Urea. Charlton et al [1997] noted the beneficial effects of urea on skin including softening keratin, increasing hydration, promoting epithelialization, decreasing fibroblast action and having mucolytic properties. They believe urea treatment of dry eyes would benefit loss of epithelial cells, keratinization and scarring and subjective irritation. They feel that their formulation (0.01% to about 30% urea) is superior because it will not degenerate into ammonia. There were no in vivo reports. Grant (1974) used urea in debridement and noted transient damage to the eye results only with high concentrations. The odor of a urea solution may be problematic.

Anti-blepharitic. On the premise that blepharitis causes many dry eye states, Martin et al [1995] patented a nitroimidazole compound intended for instillation (0.1 to 2.0% aqueous or ointment vehicle) or as an eyelash wash to treat blepharitis. One purpose is to replace the use of systemic tetracycline. They noted that nitroimidazole had been used for the treatment of dermal not ocular rosacea, a condition associated with blepharitis. No experimental or clinical ocular data were provided.

 

Figure 1. Effects of two different inhibitor-antibodies on the adhesion between lymphocytes and glandular cells.

Anti-inflammatories. Inflammation associated with dry eyes elevates corneal temperature. Recent studies reported by MacKeen and Roth (2000 and in press) have shown that closed lid temperature is elevated two or more degrees in dry eye patients. We reported that supracutaneous application (via the lower lid skin) of calcium carbonate ointment (DEO) reportedly reduced dry eye-associated inflammation based on decreased post-treatment closed lid temperatures. Topical steroids can reduce the inflammation associated with dry eyes. However, most have undesirable side effects on protracted use.

Cyclosporin. Cyclosporin A (CsA) has been reportedly beneficial in certain dry eyes ­ its topical administration decreases the down-modulating and subsequent destructive effects of lymphocytic infiltration on accessory lacrimal glands. Laibovitz et al (1993), Gunduz et al (1994) used a 2% solution in olive oil to assess its immunological effects on secondary Sjögren's syndrome. They noted that CsA seemed to modulate goblet cell function and helped maintain the structural integrity of the epithelium. Some patients reported burning and stinging. Sall et al (2000) reported some improvement with 0.05% and 0.1% CsA formulation over the vehicle.

Inhibitors of Lymphocyte Adherence in Sjögren's Syndrome (SS)

Tsubota and Takeuchi [2000] patented a treatment for SS that decreases the destructive effects of activated T cell lymphocytes on lacrimal and salivary acinar cells. In auto-immune diseases such as SS, activated T cell lymphocytes adhere to acinar cells and secrete cytotoxic substances that cause destruction of the secretory lacrimal and salivary glands. The treatment uses monoclonal or polyclonal antibodies to adhere to the sites necessary for this unwanted attachment (antibodies to E cadherin on the acinar cell surfaces and integrin *E ß7 ). The authors presented ex vivo data showing a marked difference in SS vs non-SS adhesion from lymphocytes (Figure 1). Topical administration is assumedly limited to accessory lacrimal glands.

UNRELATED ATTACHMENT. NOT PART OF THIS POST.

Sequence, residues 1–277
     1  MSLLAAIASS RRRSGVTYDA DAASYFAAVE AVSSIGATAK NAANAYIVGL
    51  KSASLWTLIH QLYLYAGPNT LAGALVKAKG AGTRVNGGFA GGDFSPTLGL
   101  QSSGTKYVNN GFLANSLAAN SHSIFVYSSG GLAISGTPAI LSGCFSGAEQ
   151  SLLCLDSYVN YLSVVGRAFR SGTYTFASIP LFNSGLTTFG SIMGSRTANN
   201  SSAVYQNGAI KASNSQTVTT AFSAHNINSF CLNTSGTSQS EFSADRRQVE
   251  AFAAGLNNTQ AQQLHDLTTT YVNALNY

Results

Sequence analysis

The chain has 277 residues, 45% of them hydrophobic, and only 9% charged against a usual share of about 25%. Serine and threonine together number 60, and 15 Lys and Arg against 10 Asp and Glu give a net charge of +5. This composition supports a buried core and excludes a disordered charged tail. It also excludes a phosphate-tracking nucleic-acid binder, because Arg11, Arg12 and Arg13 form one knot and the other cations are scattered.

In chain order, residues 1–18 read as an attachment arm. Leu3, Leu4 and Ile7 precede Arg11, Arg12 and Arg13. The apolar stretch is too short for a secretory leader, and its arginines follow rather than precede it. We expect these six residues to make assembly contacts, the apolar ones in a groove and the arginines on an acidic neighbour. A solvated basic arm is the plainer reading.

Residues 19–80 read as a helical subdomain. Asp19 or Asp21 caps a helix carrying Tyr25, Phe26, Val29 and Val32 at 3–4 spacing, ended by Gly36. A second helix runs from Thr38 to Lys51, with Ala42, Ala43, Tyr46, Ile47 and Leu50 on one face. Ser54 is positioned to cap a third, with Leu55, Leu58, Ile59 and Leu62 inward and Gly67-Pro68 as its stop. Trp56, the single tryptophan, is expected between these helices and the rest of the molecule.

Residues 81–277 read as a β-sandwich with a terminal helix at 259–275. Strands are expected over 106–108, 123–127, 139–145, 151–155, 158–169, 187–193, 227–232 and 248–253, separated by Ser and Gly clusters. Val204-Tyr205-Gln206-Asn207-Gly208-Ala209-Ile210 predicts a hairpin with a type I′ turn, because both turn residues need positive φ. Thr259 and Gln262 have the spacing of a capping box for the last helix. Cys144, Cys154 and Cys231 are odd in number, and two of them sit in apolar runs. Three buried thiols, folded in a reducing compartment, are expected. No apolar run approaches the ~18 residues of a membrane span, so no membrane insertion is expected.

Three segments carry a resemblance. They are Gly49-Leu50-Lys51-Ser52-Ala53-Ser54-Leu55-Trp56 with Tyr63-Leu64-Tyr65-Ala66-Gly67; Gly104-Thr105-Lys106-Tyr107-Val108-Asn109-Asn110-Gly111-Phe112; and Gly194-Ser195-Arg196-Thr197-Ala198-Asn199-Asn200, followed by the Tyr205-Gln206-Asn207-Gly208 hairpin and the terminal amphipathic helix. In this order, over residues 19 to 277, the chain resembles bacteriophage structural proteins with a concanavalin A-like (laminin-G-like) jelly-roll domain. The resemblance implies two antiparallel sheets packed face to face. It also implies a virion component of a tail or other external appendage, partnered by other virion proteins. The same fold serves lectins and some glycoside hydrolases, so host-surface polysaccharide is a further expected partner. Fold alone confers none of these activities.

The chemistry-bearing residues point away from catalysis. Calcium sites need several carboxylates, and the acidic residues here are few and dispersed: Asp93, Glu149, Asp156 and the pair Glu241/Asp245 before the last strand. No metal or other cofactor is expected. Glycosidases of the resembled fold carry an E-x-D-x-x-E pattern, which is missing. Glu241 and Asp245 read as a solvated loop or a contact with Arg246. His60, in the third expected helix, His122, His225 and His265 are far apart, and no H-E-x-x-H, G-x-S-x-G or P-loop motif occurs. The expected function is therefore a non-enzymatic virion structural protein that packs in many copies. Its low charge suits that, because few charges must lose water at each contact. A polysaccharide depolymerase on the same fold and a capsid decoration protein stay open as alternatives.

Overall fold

Acupuncture

Nepp et al (1998, 1999) reported on the efficacy of acupuncture in the treatment of keratoconjunctivitis sicca. In 1998 they compared needling with laser stimulation. There were multiple locations where the needles were inserted; an unidentified number of sites were periocular. The found equal improvement in tear break-up time, Schirmer and frequency when compared with artificial tears. In the 1999 paper, the patients were needled once weekly for 10 weeks at half-hour sessions. Again they reported improvement in Schirmer values and TBUT.

Conclusion

The ultimate dry eye treatment would return patients' tear-making capability. This goal will be achieved when new treatments prevent or reverse the problems that impair production of a stable pre-ocular tear film. Eyedrops are the primary treatments currently available. To be maximally effective, topically-delivered agents should be patient friendly (such as supracutaneously applied medication), especially when considering handling problems of older patients.

Increased knowledge of the causes of dry eye, a better method of administering topical drugs, more specific drug delivery of agonists or antagonists and the products of bio-engineering will hopefully result in an enormous leap in the prevention and treatment of dry eye in the next decade.

To receive references via fax, call (800) 239-4684 and request document #70. (Have a fax number ready.)

Dr. MacKeen is CEO of MacKeen Consultants, Ltd, Bethesda, MD. MCL assists in obtaining FDA approval, especially for ophthalmic devices and drugs. He is on the faculty of Georgetown University Medical Center Center for Sight and has been involved in dry eye research for the past 30 years.

*Note: Dates of patents are in brackets [ ] and dates of scientific papers are in parentheses ( ).


Contact Lens Spectrum, Issue: April 2001